On 8 January, the Scorpion came to remove Hautefeuille and his 10 sailors from Ninh Bình. Frustrated by this unforced withdrawal, the young officer had all the guns of the citadel destroyed and threw the powder stock in the river before he left. On 10 January, the Scorpion arrived to Nam Định and removed Harmand and his 25 men. Dupuis and Esmez protested Philastre's decisions and a heated argument ensued, in which Philastre stated that Garnier had acted like a "pirate" and that he would most definitely have been court-martialed had he not perished. All the men of the expeditionary force were gathered in Hanoi and eventually left the city on 6 February.
The Treaty of Saigon was signed on 15 March 1874. In exchange for France having returned the captured provinces, the Nguyễn Empire officially recognized all the French possessions in Cochinchina, opened the Red River to French trade and allowed the establishment of French Residences in Hanoi, Haiphong and Qui Nhơn.
Over the course of this short undeclared war, the French expeditionary force had lost 5 men, including two of the highest-ranking officers, all of them killed during the counter-attack of 21 December: Lieutenant Garnier, Ensign Balny d'Avricourt, Seaman Dagorne, Seaman Bonifay and Seaman Sorre. Several men had also been wounded, including 5 during the battle for Nam Định and 6 on 21 December. The French expeditionary force left Hanoi on 6 February and was replaced by a small force of 40 men garrisoning the French Residence of Hanoi as part of the treaty.
Following the withdrawal of French forces, a large number Christian locals and Lê Dynasty supporters who had enthusiastically collaborated with the conquerors for political or religious reasons were massacred by the Imperial authorities. Many officials were also dismissed and the head of the Chinese community of Hải Dương, who had actively collaborated with Balny d'Avricourt and Trentinian, was stripped of all his belongings and deported to Guangdong.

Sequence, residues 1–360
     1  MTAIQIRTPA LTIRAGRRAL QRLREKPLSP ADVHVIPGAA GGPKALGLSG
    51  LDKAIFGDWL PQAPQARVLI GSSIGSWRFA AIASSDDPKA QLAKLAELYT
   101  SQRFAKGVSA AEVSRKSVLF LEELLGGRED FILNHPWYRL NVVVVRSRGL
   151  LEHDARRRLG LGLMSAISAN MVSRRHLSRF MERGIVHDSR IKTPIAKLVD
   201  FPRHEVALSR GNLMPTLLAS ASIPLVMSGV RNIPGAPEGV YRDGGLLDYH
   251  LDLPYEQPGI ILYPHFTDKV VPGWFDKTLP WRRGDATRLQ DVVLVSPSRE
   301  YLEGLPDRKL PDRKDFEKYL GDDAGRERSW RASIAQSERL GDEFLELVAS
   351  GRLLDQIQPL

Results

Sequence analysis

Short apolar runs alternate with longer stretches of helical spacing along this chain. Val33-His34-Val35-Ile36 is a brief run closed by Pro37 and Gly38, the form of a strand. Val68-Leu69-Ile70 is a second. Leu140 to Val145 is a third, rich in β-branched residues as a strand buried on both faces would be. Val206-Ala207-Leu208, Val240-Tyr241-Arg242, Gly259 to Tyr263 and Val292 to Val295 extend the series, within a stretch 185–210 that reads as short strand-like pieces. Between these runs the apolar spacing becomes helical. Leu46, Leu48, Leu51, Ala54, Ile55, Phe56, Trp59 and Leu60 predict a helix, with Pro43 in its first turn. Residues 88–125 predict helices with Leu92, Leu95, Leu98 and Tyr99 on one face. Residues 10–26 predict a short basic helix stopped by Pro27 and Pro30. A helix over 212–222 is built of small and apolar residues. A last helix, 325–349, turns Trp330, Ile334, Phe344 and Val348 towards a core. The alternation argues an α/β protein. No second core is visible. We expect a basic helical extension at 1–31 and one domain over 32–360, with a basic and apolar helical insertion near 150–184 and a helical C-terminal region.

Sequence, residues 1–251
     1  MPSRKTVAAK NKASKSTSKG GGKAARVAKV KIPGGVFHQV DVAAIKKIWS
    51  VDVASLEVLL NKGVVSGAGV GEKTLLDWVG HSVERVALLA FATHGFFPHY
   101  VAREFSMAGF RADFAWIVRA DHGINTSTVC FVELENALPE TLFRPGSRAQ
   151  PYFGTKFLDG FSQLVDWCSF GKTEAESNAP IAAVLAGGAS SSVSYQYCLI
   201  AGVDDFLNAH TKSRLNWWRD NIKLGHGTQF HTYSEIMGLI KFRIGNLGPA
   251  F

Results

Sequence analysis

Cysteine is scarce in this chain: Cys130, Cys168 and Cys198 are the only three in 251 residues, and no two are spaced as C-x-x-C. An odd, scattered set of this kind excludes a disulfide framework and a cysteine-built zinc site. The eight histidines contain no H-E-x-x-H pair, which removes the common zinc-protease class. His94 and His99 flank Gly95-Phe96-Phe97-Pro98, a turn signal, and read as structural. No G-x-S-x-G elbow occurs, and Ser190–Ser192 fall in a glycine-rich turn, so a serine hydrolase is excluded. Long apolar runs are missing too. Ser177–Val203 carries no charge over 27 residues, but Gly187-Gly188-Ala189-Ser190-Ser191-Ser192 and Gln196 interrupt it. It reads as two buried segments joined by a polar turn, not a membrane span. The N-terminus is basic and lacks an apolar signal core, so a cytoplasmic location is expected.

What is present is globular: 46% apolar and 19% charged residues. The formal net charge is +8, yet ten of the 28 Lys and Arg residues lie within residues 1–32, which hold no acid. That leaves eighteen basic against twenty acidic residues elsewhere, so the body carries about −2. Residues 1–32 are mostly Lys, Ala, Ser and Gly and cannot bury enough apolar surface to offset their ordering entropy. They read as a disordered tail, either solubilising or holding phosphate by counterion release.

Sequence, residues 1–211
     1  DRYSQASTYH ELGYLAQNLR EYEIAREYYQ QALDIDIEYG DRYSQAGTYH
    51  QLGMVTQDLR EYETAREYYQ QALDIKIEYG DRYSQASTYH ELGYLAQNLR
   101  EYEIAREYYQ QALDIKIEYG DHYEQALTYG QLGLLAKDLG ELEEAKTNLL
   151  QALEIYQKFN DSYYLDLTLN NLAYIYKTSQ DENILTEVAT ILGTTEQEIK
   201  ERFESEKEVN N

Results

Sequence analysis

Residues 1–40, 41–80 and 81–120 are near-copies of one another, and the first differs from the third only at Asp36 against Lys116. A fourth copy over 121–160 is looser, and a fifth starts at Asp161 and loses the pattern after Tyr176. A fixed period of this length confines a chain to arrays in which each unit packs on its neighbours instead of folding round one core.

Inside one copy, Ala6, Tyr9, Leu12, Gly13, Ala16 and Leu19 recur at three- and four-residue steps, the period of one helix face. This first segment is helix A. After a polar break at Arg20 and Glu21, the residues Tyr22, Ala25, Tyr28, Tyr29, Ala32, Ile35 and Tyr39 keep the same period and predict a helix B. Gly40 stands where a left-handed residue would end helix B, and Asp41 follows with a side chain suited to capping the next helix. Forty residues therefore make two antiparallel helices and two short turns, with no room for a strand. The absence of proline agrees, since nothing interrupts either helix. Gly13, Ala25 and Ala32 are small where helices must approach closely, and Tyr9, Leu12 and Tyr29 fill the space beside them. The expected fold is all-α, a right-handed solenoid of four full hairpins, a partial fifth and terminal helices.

The lighting conquest of a large chunk of the country by a ridiculously small French force gone rogue, and the humiliating treaty that ensued dealt a serious blow to Emperor Tự Đức's already declining prestige. In the same way, the brutal French withdrawal and the dramatic consequences that resulted for those who had supported the conquerors considerably reduced the popular support for France in the region, and when the French invaded again a decade later, they were met with much less enthusiasm from the locals.
Initially, Garnier's behavior was completely disavowed by the French government. When Admiral Duprès, who still respected the unfortunate lieutenant despite having distanced himself from his actions in Tonkin, requested for him to be posthumously promoted to captain to ensure a decent pension for his widow, the request was rejected. So were his request of awards for the men who had accomplished impressive feats during the campaign. In 1874, a request by the city of Saint-Etienne, Garnier's birthplace, for the of a statue in his memory was denied by the government.
However, Garnier gained a lot of popularity in France within the decade that followed his death. His impressive conquest and his tragic death made him a romantic figure, and some French, British and American contemporaries compared the 1873 conquest to the military exploits of Francisco Pizarro and his conquistadores. Several French Navy ships were named after him, notably a gunboat commanded by his former subordinate Marc Hautefeuille during Tonkin Campaign.